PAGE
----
A key attraction of the Earned Income Tax Credit (EITC) is that it encourages
work. But EITC-induced increases in labor supply may drive wages down, permitting
employers of low-skill labor to capture some of the intended transfer and negatively
impacting workers in the same labor markets who are ineligible for the credit. I
exploit variation in tax treatment across family types and skill levels to identify the
e¤ect of a large EITC expansion in the mid 1990s on the female labor market, using a
semiparametric reweighting strategy to decompose changes in the wage distribution
into changes in skill-speci c prices and quantities. The EITC expansion induced
many low- and mid-skill single mothers to enter the labor force. Contemporaneous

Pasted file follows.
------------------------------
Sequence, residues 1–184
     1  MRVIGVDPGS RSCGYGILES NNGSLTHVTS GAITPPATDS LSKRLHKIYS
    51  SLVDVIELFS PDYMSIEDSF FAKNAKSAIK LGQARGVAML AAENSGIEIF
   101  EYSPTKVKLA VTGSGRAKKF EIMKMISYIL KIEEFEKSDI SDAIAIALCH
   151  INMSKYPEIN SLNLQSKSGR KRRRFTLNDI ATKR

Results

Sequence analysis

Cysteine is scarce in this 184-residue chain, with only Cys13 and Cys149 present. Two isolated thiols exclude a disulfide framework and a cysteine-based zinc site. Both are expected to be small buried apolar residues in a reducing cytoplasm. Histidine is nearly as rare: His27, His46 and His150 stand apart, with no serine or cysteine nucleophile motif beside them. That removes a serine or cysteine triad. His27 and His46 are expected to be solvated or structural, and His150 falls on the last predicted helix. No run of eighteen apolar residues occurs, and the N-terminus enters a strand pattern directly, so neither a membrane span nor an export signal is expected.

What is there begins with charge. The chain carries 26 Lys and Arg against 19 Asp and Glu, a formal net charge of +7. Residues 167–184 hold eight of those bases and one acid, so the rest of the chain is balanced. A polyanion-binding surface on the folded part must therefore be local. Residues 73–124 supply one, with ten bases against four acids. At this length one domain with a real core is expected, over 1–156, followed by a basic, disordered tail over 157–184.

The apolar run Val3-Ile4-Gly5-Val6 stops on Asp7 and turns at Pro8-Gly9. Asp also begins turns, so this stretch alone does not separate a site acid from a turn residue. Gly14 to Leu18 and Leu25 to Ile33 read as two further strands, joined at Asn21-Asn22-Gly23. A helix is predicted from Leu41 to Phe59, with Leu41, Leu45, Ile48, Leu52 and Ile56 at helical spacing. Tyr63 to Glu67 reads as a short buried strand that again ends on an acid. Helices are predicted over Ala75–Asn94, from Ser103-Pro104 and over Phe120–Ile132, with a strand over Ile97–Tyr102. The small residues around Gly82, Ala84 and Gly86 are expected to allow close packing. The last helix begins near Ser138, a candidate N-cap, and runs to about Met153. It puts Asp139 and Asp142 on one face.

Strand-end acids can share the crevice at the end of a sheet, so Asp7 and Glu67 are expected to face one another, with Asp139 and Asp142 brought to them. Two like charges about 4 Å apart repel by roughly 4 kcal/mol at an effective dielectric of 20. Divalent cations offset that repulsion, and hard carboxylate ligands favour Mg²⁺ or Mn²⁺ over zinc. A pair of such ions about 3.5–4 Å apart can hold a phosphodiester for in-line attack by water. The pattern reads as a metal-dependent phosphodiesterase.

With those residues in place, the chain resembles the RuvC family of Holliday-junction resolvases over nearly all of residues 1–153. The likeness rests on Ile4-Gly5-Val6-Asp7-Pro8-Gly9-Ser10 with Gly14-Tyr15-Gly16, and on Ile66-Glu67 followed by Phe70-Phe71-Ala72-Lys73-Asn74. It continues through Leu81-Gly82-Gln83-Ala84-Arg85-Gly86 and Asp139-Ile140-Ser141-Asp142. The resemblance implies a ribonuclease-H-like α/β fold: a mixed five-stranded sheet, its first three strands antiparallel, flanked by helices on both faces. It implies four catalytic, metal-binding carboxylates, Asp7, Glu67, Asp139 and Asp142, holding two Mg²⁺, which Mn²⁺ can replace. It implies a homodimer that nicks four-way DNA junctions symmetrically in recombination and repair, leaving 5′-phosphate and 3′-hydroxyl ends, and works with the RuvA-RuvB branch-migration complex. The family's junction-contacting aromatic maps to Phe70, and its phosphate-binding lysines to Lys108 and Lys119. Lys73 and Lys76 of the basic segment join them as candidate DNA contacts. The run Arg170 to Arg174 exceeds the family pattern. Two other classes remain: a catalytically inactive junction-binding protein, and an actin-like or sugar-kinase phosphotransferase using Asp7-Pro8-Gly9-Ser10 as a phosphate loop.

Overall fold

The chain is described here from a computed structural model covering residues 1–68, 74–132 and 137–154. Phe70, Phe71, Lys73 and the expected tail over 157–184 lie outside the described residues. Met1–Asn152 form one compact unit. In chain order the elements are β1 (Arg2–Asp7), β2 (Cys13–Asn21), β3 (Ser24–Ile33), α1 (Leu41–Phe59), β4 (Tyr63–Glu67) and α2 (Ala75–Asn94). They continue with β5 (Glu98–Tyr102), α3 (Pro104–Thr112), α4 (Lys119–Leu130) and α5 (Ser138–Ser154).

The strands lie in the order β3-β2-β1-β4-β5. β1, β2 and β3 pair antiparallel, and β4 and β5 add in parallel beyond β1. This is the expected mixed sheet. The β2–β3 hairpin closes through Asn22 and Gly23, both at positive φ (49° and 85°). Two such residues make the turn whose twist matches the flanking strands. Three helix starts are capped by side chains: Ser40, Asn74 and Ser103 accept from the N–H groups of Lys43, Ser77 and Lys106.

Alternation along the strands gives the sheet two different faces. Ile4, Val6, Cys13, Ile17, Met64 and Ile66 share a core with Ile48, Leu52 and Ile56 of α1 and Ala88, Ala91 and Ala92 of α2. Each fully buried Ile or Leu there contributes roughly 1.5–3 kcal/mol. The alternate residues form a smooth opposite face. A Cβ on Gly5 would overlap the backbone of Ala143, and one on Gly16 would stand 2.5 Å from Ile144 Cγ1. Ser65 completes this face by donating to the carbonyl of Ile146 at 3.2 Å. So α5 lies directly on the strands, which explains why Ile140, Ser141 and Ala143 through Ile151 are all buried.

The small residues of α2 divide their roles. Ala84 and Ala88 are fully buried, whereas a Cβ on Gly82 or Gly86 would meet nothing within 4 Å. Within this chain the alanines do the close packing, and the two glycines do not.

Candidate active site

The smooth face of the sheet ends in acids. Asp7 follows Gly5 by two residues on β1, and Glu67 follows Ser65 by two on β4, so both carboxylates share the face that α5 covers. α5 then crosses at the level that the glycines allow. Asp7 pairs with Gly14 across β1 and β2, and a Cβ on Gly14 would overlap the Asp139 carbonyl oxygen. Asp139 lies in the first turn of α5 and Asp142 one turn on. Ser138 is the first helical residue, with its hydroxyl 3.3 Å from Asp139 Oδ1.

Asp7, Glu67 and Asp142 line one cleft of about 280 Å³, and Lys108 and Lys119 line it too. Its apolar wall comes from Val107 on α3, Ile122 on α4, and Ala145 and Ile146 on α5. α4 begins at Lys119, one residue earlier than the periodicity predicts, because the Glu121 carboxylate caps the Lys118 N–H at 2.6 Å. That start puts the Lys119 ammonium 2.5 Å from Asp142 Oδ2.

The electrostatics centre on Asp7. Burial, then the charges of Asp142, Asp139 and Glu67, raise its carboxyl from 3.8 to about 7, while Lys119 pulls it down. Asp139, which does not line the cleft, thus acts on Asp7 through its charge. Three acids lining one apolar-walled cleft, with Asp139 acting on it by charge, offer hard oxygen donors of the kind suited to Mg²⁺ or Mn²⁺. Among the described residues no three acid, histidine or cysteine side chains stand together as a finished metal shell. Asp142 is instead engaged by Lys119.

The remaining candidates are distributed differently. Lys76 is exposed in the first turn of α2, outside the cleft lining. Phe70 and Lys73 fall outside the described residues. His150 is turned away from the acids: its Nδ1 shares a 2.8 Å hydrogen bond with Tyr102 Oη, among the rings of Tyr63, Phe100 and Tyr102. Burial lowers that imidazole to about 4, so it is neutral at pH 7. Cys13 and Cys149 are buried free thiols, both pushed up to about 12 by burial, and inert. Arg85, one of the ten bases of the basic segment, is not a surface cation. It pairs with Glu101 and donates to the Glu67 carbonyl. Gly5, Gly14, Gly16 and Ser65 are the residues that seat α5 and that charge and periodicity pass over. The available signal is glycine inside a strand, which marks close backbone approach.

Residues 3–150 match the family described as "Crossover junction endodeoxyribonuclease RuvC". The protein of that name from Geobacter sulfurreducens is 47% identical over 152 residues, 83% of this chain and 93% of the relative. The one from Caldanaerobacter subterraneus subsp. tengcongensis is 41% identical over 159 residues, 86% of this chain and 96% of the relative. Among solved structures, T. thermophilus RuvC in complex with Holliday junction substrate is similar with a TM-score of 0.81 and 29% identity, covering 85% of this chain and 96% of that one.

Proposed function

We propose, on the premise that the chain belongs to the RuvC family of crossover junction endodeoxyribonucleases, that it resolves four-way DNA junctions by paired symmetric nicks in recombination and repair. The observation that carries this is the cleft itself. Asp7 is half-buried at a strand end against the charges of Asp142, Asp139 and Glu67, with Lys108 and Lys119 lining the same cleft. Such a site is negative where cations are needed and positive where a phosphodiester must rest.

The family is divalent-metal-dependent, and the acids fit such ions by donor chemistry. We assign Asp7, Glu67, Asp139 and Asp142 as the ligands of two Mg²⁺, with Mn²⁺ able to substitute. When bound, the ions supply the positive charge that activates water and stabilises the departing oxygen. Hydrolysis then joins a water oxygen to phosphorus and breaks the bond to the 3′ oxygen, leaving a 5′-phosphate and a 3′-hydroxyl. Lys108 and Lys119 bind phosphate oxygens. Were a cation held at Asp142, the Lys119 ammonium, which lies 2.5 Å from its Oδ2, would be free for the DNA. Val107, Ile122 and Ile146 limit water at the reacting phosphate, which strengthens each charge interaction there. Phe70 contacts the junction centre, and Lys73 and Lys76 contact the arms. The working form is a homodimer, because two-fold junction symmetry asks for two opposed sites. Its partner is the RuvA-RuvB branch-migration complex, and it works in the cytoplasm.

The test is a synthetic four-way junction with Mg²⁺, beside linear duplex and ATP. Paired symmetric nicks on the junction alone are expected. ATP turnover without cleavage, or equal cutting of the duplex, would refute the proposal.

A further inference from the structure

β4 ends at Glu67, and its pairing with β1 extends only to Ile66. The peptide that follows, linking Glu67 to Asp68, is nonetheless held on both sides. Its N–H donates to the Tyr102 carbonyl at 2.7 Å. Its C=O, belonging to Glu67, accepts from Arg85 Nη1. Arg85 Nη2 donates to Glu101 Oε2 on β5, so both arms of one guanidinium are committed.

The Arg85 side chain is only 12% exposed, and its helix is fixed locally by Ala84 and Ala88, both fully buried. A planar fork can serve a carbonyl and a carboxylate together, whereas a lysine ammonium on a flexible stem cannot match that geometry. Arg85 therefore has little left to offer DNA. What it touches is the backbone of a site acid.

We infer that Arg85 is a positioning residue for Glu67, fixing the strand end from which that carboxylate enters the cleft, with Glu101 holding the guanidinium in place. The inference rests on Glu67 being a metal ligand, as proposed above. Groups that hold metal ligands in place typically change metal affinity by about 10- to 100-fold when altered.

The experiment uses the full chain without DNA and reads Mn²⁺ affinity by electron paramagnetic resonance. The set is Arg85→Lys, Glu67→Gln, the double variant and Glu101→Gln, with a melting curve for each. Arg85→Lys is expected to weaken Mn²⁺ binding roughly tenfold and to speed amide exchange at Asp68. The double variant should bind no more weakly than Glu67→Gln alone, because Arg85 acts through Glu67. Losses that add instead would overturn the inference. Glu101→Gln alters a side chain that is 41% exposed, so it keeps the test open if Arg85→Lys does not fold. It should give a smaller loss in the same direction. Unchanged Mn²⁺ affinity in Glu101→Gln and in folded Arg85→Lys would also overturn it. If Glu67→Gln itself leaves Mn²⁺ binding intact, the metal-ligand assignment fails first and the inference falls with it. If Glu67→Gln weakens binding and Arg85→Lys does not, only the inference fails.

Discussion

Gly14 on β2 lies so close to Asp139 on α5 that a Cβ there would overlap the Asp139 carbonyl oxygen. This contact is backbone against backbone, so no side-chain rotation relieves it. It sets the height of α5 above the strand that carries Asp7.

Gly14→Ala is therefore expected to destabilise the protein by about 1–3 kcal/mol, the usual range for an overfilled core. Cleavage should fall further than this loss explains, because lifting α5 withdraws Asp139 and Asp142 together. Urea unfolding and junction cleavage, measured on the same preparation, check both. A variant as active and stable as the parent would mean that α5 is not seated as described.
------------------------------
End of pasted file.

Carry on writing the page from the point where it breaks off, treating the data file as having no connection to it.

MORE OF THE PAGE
technical change led to increases in wages, but these were smaller than they would
have been with a stable EITC. Ceteris paribus, low-skill single mothers keep only
70 cents of every dollar they receive through the EITC. Employers of low-skill labor
capture 72 cents, 30 cents from single mothers plus 43 cents from ineligible (childless)
workers whose after-tax incomes fall when the EITC is expanded. The net transfer
to workers is less than a third of the amount spent on the program.

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Rothstein, J. (2005). The Mid-1990s EITC Expansion: Aggregate Labor Supply Effects and Economic Incidence. Retrieved from http://arks.princeton.edu/ark:/88435/dsp01f7623c587 (Original work published October 2005)
Working Papers